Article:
Journey to Pascha
by Alexander Schmemann
by Saint Vladimir’s Seminary Press
This coming Sunday is Forgiveness Sunday. During the first two weeks of Lent, I’ll be sharing some notes from a wonderful book on prayer.
For today, just two quotations to help you launch into Lent,and possible invite to re-read Alexander Schmemann‘s classic.
On page 33, I read:
the sadness of the exile,
of the waste I have made of my life;
the brightness of God’s presence and forgiveness,
the joy of the recovered desire for God,
the peace of the recovered home.
Such is the climate of lenten worship;
such is its first and general impact
on my soul.”
And on page 116, this amazing passage from John Cassian (5th century):
“We must not avoid communion
because we deem ourselves to be sinful.
We must approach it more often
for the healing of the soul
and the purification of the spirit,
but with such humility and faith
that considering ourselves unworthy…
we would desire even more the medicine for our wounds.
Otherwise it is impossible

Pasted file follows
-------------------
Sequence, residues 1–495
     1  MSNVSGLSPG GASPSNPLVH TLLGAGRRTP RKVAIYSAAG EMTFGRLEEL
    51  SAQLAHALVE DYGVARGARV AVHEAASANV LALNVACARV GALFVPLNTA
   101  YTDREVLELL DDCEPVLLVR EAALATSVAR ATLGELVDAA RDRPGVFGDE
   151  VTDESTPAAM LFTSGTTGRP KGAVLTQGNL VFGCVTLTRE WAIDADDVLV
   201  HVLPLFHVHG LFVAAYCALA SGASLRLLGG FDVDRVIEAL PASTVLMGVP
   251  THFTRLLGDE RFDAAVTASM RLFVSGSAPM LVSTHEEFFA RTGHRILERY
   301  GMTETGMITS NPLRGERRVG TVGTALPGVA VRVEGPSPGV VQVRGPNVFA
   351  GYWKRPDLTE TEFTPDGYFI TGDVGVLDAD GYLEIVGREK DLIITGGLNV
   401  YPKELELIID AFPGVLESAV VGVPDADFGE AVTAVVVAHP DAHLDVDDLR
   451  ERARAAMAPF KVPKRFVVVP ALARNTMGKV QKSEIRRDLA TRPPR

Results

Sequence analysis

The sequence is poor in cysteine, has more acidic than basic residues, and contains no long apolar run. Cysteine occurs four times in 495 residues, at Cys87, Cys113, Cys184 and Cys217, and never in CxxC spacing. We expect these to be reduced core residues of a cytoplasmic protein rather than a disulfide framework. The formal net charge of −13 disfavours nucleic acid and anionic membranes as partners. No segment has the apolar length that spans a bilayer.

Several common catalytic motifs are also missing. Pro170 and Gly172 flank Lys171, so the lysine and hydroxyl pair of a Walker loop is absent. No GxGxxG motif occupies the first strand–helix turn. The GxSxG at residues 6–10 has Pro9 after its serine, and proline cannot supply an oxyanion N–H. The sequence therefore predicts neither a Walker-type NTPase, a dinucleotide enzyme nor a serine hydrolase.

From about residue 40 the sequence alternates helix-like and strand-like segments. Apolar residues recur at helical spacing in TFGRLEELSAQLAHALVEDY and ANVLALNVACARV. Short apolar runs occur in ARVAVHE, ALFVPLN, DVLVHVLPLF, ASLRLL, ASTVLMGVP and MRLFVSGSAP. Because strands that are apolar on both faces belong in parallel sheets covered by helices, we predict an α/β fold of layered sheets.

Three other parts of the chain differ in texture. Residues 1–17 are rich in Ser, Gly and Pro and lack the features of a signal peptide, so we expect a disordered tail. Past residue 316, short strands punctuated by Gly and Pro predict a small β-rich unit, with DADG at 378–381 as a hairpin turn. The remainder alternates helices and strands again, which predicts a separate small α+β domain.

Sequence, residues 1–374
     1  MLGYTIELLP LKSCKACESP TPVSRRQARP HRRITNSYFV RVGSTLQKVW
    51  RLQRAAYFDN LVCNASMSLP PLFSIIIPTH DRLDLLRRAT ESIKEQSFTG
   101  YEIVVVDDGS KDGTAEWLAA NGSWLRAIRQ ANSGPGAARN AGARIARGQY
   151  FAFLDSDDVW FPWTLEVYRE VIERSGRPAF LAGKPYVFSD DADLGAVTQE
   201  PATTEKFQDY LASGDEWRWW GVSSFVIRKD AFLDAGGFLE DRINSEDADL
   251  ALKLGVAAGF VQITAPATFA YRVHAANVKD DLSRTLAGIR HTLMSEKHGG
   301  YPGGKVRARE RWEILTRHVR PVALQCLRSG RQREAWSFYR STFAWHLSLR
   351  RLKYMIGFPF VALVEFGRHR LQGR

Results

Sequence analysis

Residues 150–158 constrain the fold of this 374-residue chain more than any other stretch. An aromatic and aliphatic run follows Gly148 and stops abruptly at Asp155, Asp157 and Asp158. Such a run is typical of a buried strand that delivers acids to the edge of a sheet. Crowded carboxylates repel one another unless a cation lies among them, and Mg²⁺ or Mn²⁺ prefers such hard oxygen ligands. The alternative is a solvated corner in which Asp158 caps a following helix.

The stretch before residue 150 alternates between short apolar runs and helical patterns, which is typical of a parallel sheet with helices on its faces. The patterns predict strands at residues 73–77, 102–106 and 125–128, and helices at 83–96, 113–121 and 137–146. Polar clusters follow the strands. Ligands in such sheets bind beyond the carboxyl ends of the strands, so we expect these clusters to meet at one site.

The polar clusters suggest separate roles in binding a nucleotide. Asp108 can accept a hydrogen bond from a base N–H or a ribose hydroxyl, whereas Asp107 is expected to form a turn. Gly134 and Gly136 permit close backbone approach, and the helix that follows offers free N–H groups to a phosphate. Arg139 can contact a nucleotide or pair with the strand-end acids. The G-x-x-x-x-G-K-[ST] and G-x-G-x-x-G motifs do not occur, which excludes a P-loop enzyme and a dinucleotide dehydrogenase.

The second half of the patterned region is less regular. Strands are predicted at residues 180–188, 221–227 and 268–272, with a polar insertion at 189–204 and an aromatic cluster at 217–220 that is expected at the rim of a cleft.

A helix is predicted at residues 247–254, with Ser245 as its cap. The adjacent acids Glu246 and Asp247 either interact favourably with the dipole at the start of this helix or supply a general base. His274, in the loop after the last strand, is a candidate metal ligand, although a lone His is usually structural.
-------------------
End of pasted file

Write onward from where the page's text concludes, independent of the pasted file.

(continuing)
to receive communion once a year,
as certain people do…
considering the sanctification of heavenly Mysteries
as available only to saints.
It is better to think that by giving us grace,
the sacrament makes us pure and holy.
Such people manifest more pride than humility…
for when they receive,
they think themselves as worthy.
It is much better if,
in humility of heart,
knowing that we are never worthy
of the Holy mysteries,
we would receive them every Sunday
for the healing of our diseases,
blinded by pride,
think that after one year
we become worthy of receiving them…”
John Cassian, 3rd conference on sinlessness
“The goal of repentance is the transformation of our minds and hearts,
our very consciousness.
It means the transformation of our whole life.
To engage it means that we have to embrace change“.
Read in ARCHPASTORAL EPISTLE OF HIS BEATITUDE, METROPOLITAN JONAH FOR THE BEGINNING OF GREAT LENT 2010
PLEASE SHARE YOUR THOUGHTS ABOUT THESE NOTES
Have you read this book?
Any other good Lenten book
you will read this year?
Any reflection on these quotes?
[…] Book notes on Lent […]